Community members “Come To The Table” To Impact Food Security for Older Adults
1 in 14 older adults in CT is Food Insecure. Recognizing a growing trend related to food insecurity among older adults, The Age Well Community Council of Danbury and the United Way of Western CT hosted Summit II, Come To The Table: A Rare Opportunity to Impact Food Security For Older Adults on June 6, 2019. More than 100 older adults within Danbury and surrounding towns came together to spur change that would positively impact food security within the older adult demographic. Sponsored by The Carmen and Lucia Buck Foundation, adults and professionals who serve older adults from food pantries, area businesses, faith groups, hospital and health care providers, physician groups, and senior centers were all part of a discussion to lead to a change movement in order to increase awareness, access and advocate for food security among the older adult population.
According to the Food Insecurity and Obesity Incidence Across Connecticut Report, Zwick Center for Food and Resource Policy, 10.9% of older adults are currently food insecure in Danbury, with pockets of the city as high as 30%.
Food security exists when people, at all times, have physical and economic access to adequate amounts of nutritious, safe, and culturally appropriate food to maintain a healthy and active life. During a previous Age Well Community Council Summit, participants were asked about key issues they felt needed attention and change. “Food insecurity kept coming up as the number one issue,” said Marie Miszewski, CEO, Regional YMCA of Western Connecticut and Co-Chair of the Council. She went on to offer, “People are living longer, and may be outliving their savings. Another factor to food insecurity could be that any increase in pension or Social Security payment doesn’t accurately reflect the cost of living.”
“In Danbury, 50% of the population are living below the poverty level and are struggling to access food," said Cara Donovan, Food Policy Manager, United Way of Western CT. “The importance of service programs, food banks, and food pantries all working together is key to combating the issue.”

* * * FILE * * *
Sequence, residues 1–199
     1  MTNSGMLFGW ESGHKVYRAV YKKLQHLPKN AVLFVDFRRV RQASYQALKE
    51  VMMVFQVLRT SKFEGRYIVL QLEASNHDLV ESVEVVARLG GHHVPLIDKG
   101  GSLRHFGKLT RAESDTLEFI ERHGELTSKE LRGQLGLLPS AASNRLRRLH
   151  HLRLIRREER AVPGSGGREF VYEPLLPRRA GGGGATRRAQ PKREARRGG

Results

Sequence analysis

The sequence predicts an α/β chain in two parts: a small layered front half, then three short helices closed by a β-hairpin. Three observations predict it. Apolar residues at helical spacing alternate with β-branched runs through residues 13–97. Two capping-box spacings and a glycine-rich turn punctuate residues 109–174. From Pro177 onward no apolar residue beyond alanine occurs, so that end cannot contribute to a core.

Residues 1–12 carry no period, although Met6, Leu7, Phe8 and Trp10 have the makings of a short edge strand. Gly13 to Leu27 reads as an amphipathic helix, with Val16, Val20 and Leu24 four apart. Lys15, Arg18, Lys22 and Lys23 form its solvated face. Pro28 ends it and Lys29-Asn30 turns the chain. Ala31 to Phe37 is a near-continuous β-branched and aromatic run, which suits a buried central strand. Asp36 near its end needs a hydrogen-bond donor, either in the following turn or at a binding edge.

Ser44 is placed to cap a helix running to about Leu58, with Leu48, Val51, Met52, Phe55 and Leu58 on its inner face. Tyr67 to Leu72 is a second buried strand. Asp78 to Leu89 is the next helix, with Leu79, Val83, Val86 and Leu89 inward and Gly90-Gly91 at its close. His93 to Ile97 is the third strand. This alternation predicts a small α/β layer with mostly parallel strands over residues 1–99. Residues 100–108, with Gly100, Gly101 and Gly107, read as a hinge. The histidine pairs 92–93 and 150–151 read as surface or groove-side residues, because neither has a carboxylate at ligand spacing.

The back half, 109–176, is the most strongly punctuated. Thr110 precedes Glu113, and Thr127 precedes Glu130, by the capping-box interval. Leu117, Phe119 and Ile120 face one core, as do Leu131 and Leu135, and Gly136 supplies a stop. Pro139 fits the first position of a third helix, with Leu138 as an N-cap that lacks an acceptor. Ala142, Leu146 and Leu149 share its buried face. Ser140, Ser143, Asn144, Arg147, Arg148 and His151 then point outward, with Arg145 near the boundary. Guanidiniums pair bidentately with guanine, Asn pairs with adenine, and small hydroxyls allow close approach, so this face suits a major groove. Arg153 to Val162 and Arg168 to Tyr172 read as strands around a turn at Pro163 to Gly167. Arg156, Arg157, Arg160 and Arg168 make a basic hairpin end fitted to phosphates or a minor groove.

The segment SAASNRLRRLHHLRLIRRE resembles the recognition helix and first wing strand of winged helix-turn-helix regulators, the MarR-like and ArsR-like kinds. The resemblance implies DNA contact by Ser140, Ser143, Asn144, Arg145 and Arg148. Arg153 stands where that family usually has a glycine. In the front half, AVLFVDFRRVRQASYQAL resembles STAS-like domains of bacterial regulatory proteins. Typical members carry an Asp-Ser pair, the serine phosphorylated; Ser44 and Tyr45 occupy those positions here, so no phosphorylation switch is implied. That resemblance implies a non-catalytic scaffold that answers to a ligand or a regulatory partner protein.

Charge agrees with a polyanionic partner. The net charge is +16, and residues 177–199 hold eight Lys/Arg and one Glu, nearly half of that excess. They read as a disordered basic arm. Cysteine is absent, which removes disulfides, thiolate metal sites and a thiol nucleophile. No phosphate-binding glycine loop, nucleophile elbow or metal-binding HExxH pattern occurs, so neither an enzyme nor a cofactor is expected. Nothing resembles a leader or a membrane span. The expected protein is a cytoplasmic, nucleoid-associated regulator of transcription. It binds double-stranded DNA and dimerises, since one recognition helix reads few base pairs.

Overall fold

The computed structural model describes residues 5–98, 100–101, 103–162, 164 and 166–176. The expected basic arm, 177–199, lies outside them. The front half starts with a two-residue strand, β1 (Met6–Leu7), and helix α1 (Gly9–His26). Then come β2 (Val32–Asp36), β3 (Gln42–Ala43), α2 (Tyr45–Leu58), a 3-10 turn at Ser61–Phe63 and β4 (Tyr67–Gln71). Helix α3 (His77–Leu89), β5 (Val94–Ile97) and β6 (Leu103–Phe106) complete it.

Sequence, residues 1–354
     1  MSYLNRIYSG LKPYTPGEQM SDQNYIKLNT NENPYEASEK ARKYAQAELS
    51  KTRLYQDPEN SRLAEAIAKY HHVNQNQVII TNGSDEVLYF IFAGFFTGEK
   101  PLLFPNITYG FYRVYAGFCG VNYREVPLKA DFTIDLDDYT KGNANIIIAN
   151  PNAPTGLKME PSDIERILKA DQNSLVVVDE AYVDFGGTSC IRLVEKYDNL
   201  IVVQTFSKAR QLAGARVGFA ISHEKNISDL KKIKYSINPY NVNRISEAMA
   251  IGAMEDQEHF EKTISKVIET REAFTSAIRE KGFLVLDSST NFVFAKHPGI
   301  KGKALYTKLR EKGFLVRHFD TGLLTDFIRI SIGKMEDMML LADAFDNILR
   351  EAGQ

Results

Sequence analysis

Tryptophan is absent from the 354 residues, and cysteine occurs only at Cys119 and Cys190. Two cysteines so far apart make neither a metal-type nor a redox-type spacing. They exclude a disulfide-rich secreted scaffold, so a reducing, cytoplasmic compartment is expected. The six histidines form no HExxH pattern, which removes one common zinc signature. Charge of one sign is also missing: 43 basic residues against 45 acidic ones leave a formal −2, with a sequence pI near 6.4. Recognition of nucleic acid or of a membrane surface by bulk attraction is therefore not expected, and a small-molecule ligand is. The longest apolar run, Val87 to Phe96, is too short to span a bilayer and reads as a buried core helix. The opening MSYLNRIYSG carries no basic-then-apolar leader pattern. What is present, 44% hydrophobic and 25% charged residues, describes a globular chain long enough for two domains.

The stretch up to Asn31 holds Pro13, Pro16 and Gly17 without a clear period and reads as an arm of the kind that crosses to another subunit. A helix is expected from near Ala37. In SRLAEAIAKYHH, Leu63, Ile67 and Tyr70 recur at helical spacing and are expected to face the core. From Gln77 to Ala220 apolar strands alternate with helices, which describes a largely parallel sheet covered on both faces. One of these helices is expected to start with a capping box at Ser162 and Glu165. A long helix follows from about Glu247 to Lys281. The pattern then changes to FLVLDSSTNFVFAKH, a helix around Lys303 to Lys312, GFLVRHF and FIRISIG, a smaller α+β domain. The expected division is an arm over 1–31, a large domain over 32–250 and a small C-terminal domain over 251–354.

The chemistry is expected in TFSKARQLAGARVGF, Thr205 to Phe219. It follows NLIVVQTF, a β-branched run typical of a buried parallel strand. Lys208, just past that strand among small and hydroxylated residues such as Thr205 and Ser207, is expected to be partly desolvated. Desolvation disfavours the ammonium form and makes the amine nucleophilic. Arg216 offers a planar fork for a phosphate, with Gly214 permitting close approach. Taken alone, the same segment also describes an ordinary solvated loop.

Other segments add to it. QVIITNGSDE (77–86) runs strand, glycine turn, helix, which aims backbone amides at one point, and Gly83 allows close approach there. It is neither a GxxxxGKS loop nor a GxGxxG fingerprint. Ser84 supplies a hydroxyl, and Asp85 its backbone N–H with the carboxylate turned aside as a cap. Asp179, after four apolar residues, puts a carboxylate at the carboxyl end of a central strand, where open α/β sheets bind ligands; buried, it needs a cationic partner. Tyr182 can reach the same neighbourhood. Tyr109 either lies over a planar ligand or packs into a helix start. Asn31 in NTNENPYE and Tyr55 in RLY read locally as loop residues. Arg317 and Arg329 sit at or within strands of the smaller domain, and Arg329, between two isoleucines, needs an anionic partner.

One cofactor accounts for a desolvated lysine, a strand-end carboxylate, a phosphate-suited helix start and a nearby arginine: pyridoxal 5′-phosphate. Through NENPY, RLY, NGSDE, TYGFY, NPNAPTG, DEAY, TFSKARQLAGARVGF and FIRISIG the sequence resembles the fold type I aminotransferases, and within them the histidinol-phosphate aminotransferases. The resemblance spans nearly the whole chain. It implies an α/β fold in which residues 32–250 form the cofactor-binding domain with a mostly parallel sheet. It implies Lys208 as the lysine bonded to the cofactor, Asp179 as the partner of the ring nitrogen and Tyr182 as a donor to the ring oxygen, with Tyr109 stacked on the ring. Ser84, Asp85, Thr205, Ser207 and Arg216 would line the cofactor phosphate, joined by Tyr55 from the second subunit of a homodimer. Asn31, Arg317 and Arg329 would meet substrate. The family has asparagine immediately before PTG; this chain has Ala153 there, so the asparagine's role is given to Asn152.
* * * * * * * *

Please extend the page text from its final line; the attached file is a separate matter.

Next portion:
A candid video featuring Danbury residents helped focus the Summit and bring the food security issue front and center for Summit attendees. Video participant Paul T., a Danbury resident and senior center volunteer said, “Food insecurity can happen any time, whether a person has social security, a pension, or a 401K. I have social security and a good pension, but if I don’t budget right, especially during a 5-week month, I can be short and food is about the only thing I could really cut.”
Fran W. shared, “I worked until I was 66 and had it all figured out. Between my pensions and Social Security, I was going to be just fine. What I didn’t count on was that my rent was going up, my medical insurance was going to go up, not to mention gas and electric bills. Those things you have to pay. Last is food." She went on to say, "At first I didn’t think I needed anybody’s help. But I realized later that I did. And you’re not a failure because you didn’t plan properly. There’s no shame in it. We do the best we can.”
“We know that when a person is making these choices, it’s a vicious cycle,” said Jaime Foster, Summit Keynote and Senior Director of Community Partnerships and Programs, Connecticut Food Bank. “The Great Recession really hurt us...we have not returned to pre-recession numbers of food security yet.” She urged community groups and those working directly with seniors to collaborate and work together to ensure everyone knows what programs they are entitled to and what they need. She went on to suggest screening for nutritional risks to determine whether people have access to healthy food.
“Food security among older adults is a growing issue of concern throughout Connecticut,” said June Renzulli, Senior Program Officer for the Carmen and Lucia Buck Foundation, the Summit’s lead sponsor. “Collectively, we have a responsibility to raise greater awareness of the issue, provide opportunities for access and work to demystify the topic in our communities. We invited people to come out and discuss the topic and we are grateful that they went well beyond ‘discussion’ to generating actionable ideas to address change.”
The Age Well Council is a collaboration of representatives from government, business, philanthropy, nonprofit and community organizations dedicated to a community where people can age in relevant and meaningful ways. A lead initiative of the council is their informational resource website, Age Well CT, which offers resources that promote healthy aging.
At Connecticut Community Care, we aim to provide strategic guidance and operational support to the Age Well Council, in order to help achieve its mission and goals.
Share post with your friends!